Sunday, August 16, 2009

Can you tell me what the rule is, after reading the rule?

I have tried to like the Monte Carlo poker room. I really have.

It's small, and I like small, cozy rooms. It's quiet; I like that. They have freeroll tournaments for accumulated hours of play, but they change the frequency, requirements, and payout schedule every couple of months, so it's impossible to keep track of. Parking, since the Echelon construction began, has been a nightmare, though I hear that there is now a functioning parking garage again. (Last night I started at MGM and walked over to Monte, so I haven't tried it yet.) The tables and chairs are of marginal comfort, at best. I haven't been treated well by the room staff generally; more than most places, I have been made to feel like my showing up and asking for a seat is an annoying intrusion into the time of whoever is managing the list. They also don't track hours on your MGM card for food comps. There's a couple of dealers there that I like a lot, but I had an unusual, uncomfortable, and completely unnecessary confrontation with another one. Most importantly, whether there is a no-limit game going when I want to play is completely hit-or-miss, and when there's one going, it's often one of the nittiest in town.

Then, among other things, there are the weird, nitty rules, and the inconsistent enforcement thereof. This is bad enough that it is prominent discussed in the editor's review of the room. Over the last month or so, I have really come to enjoy sending out tweets about the progress of the session, interesting hands, small observations and amusements, etc. In fact, it's possible that my somewhat reduced frequency of telling poker stories in blog posts is due to having told them already in tweets. I'd like to think that these mini-posts are just as much fun for readers as for me.

So when I read something recently (and I can't remember where it was--perhaps one of Las Vegas Michael's tweets?) about rooms in which one is not allowed to use cell phones, including text messaging, at the table, and Monte Carlo was included, it gave me one more reason to avoid the place. (See here for a good discussion of texting rules.)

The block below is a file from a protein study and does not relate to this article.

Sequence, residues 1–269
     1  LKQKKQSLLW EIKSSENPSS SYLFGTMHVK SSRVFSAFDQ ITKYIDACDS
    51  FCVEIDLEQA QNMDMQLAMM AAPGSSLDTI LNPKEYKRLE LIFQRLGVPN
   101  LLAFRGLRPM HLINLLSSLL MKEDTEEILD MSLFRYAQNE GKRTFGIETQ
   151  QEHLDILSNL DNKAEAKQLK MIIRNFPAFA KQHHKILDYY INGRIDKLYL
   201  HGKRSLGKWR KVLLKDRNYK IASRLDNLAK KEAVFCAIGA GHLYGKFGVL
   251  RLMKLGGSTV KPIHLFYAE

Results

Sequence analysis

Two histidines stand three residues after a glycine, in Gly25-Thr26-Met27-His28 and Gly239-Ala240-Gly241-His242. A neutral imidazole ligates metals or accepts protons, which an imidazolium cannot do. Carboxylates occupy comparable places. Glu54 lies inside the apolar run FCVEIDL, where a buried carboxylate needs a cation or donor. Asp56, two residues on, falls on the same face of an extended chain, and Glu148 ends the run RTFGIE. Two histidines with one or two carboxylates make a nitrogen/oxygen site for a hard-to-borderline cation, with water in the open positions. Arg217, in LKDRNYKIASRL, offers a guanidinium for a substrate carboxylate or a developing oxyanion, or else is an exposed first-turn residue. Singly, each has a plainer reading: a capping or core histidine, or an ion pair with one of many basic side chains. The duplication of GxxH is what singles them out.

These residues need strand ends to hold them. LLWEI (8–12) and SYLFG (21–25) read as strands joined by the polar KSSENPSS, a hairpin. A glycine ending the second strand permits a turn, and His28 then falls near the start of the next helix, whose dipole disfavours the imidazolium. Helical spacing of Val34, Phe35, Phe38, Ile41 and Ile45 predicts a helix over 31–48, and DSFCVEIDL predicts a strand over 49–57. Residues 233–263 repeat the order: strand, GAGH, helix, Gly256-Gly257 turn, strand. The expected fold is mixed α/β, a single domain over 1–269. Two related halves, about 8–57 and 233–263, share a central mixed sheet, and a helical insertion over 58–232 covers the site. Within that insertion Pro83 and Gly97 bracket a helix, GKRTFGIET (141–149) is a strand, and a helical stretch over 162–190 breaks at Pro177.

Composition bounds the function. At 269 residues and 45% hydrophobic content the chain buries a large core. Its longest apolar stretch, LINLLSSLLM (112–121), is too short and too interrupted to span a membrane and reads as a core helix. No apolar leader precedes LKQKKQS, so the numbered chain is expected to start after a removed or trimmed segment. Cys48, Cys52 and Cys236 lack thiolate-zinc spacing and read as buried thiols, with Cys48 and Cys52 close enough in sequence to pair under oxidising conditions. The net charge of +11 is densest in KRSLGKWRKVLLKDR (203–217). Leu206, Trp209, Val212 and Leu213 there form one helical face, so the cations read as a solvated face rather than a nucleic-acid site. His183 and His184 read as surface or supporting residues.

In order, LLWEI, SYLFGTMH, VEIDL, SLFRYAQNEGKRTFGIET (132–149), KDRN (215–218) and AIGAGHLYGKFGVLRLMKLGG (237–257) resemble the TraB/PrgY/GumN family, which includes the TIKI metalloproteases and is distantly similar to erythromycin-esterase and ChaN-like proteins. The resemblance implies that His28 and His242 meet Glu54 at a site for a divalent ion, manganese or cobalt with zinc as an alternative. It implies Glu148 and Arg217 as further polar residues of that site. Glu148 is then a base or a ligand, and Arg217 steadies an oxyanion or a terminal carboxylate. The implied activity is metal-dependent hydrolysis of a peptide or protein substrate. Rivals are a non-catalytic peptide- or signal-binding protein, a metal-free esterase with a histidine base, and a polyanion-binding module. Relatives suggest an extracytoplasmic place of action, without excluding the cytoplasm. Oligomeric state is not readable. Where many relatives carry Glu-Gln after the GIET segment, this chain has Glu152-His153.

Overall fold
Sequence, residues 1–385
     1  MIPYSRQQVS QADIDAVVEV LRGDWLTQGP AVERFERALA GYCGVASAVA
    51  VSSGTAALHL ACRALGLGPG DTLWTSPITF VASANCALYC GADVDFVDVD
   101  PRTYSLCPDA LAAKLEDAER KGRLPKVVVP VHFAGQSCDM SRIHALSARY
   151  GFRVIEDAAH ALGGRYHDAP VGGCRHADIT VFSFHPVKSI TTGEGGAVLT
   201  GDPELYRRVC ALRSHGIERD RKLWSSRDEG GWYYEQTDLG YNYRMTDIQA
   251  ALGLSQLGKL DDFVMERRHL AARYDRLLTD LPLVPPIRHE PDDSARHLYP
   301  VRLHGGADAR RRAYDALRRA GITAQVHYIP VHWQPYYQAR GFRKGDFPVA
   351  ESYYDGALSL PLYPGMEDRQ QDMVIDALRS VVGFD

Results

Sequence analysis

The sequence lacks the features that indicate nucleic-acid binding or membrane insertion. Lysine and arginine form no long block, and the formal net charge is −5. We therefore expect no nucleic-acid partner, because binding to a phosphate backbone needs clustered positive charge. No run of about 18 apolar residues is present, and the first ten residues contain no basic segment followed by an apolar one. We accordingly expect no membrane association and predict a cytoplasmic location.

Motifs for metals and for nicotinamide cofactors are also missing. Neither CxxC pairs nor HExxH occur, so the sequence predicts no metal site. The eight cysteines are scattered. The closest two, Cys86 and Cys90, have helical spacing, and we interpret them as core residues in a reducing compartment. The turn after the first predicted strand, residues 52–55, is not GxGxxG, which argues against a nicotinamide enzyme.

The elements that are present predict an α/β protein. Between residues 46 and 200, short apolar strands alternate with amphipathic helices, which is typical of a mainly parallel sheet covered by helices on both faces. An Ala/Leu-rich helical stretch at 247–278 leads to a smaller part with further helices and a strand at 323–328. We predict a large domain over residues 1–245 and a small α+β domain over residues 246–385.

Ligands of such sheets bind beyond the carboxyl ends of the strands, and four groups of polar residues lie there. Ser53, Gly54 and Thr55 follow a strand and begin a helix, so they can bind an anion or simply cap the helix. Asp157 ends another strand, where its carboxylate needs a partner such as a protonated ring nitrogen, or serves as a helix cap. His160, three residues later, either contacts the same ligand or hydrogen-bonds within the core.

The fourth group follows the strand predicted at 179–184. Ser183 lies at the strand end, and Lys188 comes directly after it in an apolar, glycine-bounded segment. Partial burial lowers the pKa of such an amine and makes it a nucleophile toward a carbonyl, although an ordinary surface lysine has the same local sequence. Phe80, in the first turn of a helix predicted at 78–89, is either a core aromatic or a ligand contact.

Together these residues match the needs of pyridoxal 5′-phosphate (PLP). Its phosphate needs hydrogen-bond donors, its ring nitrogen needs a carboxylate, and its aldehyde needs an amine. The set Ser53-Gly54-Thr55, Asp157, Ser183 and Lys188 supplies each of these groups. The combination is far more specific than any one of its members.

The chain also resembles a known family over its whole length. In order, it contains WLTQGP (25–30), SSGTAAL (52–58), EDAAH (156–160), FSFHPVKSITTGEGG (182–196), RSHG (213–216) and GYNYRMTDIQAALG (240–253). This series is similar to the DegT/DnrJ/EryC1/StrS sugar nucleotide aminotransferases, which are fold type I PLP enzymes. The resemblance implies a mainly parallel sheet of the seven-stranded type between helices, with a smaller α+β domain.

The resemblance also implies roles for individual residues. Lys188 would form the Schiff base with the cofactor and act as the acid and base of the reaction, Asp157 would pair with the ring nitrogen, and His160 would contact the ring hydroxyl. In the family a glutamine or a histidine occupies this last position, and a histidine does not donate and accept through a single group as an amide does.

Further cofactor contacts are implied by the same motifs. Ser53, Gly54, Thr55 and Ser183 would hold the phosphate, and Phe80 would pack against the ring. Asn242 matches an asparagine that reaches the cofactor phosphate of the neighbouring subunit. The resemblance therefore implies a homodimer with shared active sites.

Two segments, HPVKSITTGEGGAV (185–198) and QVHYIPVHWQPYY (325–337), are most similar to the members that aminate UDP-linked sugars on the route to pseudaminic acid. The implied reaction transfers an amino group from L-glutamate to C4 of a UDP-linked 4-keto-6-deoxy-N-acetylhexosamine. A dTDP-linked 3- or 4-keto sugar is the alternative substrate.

Last night I had an unusually profitable session at the MGM, and felt like leaving there to pocket my winnings, but still wanted to play more without having to get in the car and drive somewhere else. So I decided to give the Monte another try, for the first time in several months. It's a short walk across the street to the east.

As I played, I noticed that the big-screen TV nearest the room's entrance had a rotating display of rules, promotions, announcements, etc. I jotted down the exact text of the screen about cell phones a few words at a time. Here's what players are told:



*Please refrain from using your cell phone at the poker table.

* We kindly ask you to step away from the poker table to use your cell

* Thank you for your cooperation.

So what is the rule? Can you use your cell phone for web browsing, texting, etc., while not in a hand? The first part of the rule would seem to suggest yes. The second and third parts would seem to suggest no, assuming that "use" of a cell phone includes not just talking on it but using its other functions. In other words, it's impossible to tell what the rule is by reading the rule. How moronic is that?

As mentioned, I have heard that the rule is enforced so as to prohibit even texting while not in a hand. Last night, however, a couple of players at my table openly talked on their phones while in the middle of hands. I didn't do that, but I did check Twitter a couple of times and read and responded to one text message that I got, when not in a hand, and nothing was said to me about it. These observations show pretty clearly that, whatever the rule is, it is not enforced consistently.

I'm not sure which is worse--having a stupid rule that is enforced to its nittiest bleeding edge (as, say, at Mandalay Bay), or having a stupid rule the enforcement of which is completely inconsistent, varying with the dealer, the floor person, the time of day, etc. Either way, the fact that one can read the rule as posted in the room and still not be sure what is allowed or disallowed is a sign of woeful mismanagement.


Anonymous said...

You are smarter than this. I think you are trying to read too much into every signle word of their rule. They simply do not want multiple people sitting down at the same table and having the oppoprtunity to cheat. Yet they don't want to be a total ass and say no cell phones or no texting, ever.

sending your buddy a two letter text letting him and possibly others at the table know what you and each other have would take only a second or two to compose and would be an outstanding method of collusion.

I think you were out of material to blog about when you wrote this

Rakewell said...

1. If you read the AVP thread to which I linked (about the pros and cons of allowing texting at the table) you would have found a good discussion of the likelihood of it being used for collusion. It's not impossible, but it's not a great concern. Given the relative ease with which one could use hand signals, using texts seems overly cute--too cumbersome, not as quick as a hand signal, and leaves incriminating evidence behind. Do you have any evidence that this has ever happened?

2. You seem completely convinced that the Monte Carlo's motivation is to prevent cheating, rather than just to keep the game moving more quickly. How do you determine this from the evidence available?

3. If the purpose is to prevent collusion, why allow (apparently) texting between hand? I could fold, then text my partner what I had. Or I could text him what cards I saw my neighbor look at.